With marijuana now legal in 23 states and Washington D.C. for medicinal or recreational use, cannabis is now found in more and more homes across the U.S. Whether marijuana is used as an opioid-free alternative to pain management or any other reason, cannabis-using adults have an added responsibility if there are children in the home; keeping marijuana out of the hands of their children.
What Parents who Smoke Marijuana Should Know
Accidental Pot Poisoning is On the Rise
An unfortunate effect of increased legalization of marijuana is a rise in accidental child pot poisonings. Since 2006 until now, the American Association of Poison Control Centers has reported a 610% increase in child pot poisoning for children 5 years and younger.
When a child accidentally ingests an edible or other form of marijuana, they can face serious side effects and need treatment from intensive care. In states where parents can simply walk into a retail dispensary and select their favorite strain to purchase, they have an additional responsibility to keep their pot out of reach of their children.
Pot Parenting Leads to Child Welfare Concerns
Just because you live in a state where recreational marijuana is legal, such as Colorado, Oregon, or Washington, doesn’t mean child protective services won’t investigate you for smoking pot. And a medical prescription for marijuana will not protect you from child protective services, either. Child welfare agencies are taking the safety and wellbeing of children in homes with marijuana smoking parents very seriously.
Brittany Driver writes the Pot and Parenting column for The Denver Post’s The Cannabist website. Driver, an admitted pot smoking parent herself, contacted child protective services to get the real story on parental marijuana use. “Legalizing marijuana use doesn’t mean authorities are going to be OK with you smoking a joint in your house while your kids watch television in the next room,” says Driver. She warns that child protective services do not want parents smoking in their home at any time a child is home. “Parents who smoke marijuana are at a real risk of run-ins with child protective services and lawmakers, and need to take extra care to practice responsible marijuana use when there are children living in the home.”
Keep Marijuana and Supplies Locked Away
Driver keeps her marijuana out of reach in a childproof cabinet so high she can barely reach it herself. “Responsible pot parenting includes keeping children safe from the real dangers of accidentally ingesting edibles or other forms of marijuana,” she advises parents.
In Colorado, medical and recreational marijuana must be sold in opaque, child-resistant packaging. But any parent knows, childproof packaging will rarely keep a child out of something. The push-and-twist style childproof lids that come standard on prescription pill bottles, over the counter medications, and even hazardous household cleaning items can easily be opened by a toddler in mere minutes.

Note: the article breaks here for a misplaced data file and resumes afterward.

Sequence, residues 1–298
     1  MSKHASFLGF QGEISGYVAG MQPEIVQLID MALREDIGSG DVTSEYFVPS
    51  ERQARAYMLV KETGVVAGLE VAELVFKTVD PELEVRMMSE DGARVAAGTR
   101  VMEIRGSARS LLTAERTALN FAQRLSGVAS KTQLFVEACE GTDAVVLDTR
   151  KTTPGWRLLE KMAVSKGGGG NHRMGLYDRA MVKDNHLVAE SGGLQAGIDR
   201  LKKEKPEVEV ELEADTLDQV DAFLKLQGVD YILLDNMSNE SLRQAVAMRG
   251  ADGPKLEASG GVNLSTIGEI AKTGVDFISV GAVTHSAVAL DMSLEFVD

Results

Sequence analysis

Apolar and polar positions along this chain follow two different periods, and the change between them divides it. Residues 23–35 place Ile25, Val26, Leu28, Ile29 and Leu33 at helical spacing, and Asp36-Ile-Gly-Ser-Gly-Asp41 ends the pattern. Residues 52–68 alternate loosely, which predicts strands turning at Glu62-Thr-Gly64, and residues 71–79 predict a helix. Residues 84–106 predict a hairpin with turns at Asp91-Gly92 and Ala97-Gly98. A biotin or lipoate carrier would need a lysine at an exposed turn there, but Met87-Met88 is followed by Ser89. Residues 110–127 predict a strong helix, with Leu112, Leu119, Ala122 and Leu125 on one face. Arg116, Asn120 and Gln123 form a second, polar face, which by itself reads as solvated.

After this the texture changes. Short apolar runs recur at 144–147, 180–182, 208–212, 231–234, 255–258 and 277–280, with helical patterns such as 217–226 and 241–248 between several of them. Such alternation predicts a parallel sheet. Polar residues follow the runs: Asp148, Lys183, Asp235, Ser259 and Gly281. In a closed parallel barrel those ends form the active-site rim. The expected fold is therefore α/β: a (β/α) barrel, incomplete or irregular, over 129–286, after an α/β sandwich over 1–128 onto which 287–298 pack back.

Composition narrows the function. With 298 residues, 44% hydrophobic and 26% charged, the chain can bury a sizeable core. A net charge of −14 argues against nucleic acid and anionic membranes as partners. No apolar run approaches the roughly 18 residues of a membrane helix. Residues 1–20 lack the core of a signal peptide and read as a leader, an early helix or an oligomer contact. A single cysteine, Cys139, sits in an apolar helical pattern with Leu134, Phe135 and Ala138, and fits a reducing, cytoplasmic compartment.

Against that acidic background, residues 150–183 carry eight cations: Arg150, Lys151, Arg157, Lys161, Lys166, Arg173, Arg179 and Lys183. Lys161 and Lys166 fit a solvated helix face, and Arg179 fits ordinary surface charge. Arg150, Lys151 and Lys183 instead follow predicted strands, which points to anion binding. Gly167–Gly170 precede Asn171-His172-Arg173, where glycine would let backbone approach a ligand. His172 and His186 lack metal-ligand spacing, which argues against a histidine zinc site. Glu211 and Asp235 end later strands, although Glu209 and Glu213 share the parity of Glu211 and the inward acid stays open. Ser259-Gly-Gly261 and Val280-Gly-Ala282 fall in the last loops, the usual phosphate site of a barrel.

Just like you would take extra precautions to keep medicines, prescription drugs, and other potentially dangerous items in your home away from your children, you should take the same precautions with your marijuana. To help assure your pot stays out of the hands of children of all ages, store it in a bottle with a combination locking cap, or in a locking medicine box.
Label Edibles and Keep Them Out of Reach
Edible marijuana products such as candies, cookies, and other treats can be easily mistaken by a child for a non-edible goody. The majority of accidental pot poisonings occur when a young child eats a marijuana edible. Clearly label your edibles, and store them far away from children’s food. It is best to keep these securely locked as well. A lockbox or other locking medication storage option kept in a room other than the kitchen is an ideal way to be sure your little one doesn’t mistakenly try your edibles.
Don’t Medicate in front of Children
Advocates and experts agree: don’t use marijuana in front of your children. Americans for Safe Access recommends that you consider medicating when your child is already in bed, or when you won’t interact with your child for several hours. In addition, don’t drive your children in a vehicle if you have used marijuana, and don’t medicate inside the home if possible. A house that smells like marijuana can lead law officers and child protective services to consider the home unfit for children.
Talk to Your Kids
If your kids are old enough to understand, talk to them about the issues surrounding marijuana just like you would with cigarettes, alcohol, and other substances. Even in states where marijuana is legal for recreational reasons, it is still illegal for persons under the age of 21.
An equally important discussion to have is the impact of marijuana use on developing teen brain. Studies have shown that regular marijuana use changes the teen brain in areas that control memory and problem solving, which can affect cognition and academic performance. The teen brain is also more susceptible to addiction of any kind. Even when recreational pot is legal, it should only be used by adults.
Parents who smoke marijuana are at a real risk of run-ins with child protective services and lawmakers, and need to take extra care to practice responsible marijuana use when there are children living in the home. In addition, responsible pot parenting includes keeping children safe from the real dangers of accidentally ingesting edibles or other forms of marijuana.